Although it is only a mile away, when it is tipping with rain I must admit that I do take the car. Yesterday, as the sun was shining, I walked there and back, carrying library books and shopping on the return journey. Despite the good weather I had chores to do in the house in the afteernoon and so by about 5 o’clock I was desperate to get outside again so we went for a short walk. Until recently my step count has been abysmal, but yesterday it was 17, 455!

Free horse manure

Today, as it is beginning to feel like spring (I am slightly worried that we are going to get frost and snow at some point though – this weather is too good to be true or a confirmation of global warming) we decided to go and get some horse manure for the garden. A friend of a friend has horses and allows us to take as much as we want. It’s just a short drive, but then involves filling old compost bags with the manure, loading them in the car and then wheelbarrowing them down the garden back at the house. Two trips took us two hours in total. Lugging heavy bags of rotted manure certainly got my heart rate up – almost a workout I am sure.

Oh, and I forgot to mention that I had already been for a short jog this morning. At this time of year I usually fire up the treadmill and watch YouTube whilst doing a short jog, but this morning I decided to hit the lanes in the sunshine. It was lovely, but jogging outside is much more difficult and the slightest uphill section kills me. It does feel good though when you get home and can relax over a breakfast knowing that you’ve already done your exercise for the day.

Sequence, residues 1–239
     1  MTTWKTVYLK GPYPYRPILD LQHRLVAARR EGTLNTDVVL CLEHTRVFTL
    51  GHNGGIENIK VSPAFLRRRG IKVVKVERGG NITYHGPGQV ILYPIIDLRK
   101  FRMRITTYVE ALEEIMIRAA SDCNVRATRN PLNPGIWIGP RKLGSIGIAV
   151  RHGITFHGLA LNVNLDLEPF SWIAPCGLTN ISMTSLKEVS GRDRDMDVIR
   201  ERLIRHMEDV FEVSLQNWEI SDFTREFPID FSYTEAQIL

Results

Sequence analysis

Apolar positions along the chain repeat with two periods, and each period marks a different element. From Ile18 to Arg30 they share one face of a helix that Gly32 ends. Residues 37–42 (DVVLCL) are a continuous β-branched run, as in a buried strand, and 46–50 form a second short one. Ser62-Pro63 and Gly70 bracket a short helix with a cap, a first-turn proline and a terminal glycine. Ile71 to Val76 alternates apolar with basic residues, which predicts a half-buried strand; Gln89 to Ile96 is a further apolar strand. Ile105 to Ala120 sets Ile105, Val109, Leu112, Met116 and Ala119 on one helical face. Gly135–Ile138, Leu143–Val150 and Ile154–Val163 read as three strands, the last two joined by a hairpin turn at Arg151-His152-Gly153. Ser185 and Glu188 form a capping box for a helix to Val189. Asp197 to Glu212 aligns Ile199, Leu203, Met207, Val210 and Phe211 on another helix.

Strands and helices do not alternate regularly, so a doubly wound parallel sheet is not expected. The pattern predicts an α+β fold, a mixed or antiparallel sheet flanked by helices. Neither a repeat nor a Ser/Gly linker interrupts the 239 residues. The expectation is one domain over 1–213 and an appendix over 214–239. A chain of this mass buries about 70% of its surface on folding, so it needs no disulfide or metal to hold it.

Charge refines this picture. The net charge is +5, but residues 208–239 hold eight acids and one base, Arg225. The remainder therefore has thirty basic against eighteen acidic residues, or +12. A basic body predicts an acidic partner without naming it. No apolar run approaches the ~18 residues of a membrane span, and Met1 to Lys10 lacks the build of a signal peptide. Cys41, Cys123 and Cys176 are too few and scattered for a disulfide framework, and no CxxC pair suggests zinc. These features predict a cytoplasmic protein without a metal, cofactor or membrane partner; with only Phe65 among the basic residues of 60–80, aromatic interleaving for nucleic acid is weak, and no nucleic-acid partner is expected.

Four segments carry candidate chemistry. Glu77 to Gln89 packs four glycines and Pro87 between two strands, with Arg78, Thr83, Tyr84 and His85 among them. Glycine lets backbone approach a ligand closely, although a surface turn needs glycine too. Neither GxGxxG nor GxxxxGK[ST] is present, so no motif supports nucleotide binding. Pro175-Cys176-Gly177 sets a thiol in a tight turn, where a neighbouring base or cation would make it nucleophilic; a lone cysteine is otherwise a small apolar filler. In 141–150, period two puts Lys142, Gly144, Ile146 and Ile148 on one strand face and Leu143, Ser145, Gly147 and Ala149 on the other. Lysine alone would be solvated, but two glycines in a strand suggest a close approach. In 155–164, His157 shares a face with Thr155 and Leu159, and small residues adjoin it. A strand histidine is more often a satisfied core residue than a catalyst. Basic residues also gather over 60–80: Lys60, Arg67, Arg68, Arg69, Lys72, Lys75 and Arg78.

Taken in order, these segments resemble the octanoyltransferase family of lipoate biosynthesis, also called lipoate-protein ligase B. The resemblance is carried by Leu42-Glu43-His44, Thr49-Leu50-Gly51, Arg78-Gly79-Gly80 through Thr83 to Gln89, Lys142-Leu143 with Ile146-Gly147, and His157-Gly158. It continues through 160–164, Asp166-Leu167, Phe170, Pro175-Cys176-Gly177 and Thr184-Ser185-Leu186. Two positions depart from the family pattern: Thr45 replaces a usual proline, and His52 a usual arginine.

This afternoon we have been out in the garden just tidying things up. We are very lucky to have a large garden – 200ft long in fact – but this does mean that it you are at the bottom of the garden and have left something in the house it is a long way to go back for it – hence my step count today – 15,427!

Take the stairs when you can

Tomorrow it’s back to work and on some days my step count is less than 1000, but this evening I am feeling pretty good. I think the message is that even if you can’t be MMM and cycle everywhere every day, there are probably some days when you could incorporate exercise into your routine, even if it’s just taking the stairs rather than the lift, throwing yourself into the housework or pottering around in the garden.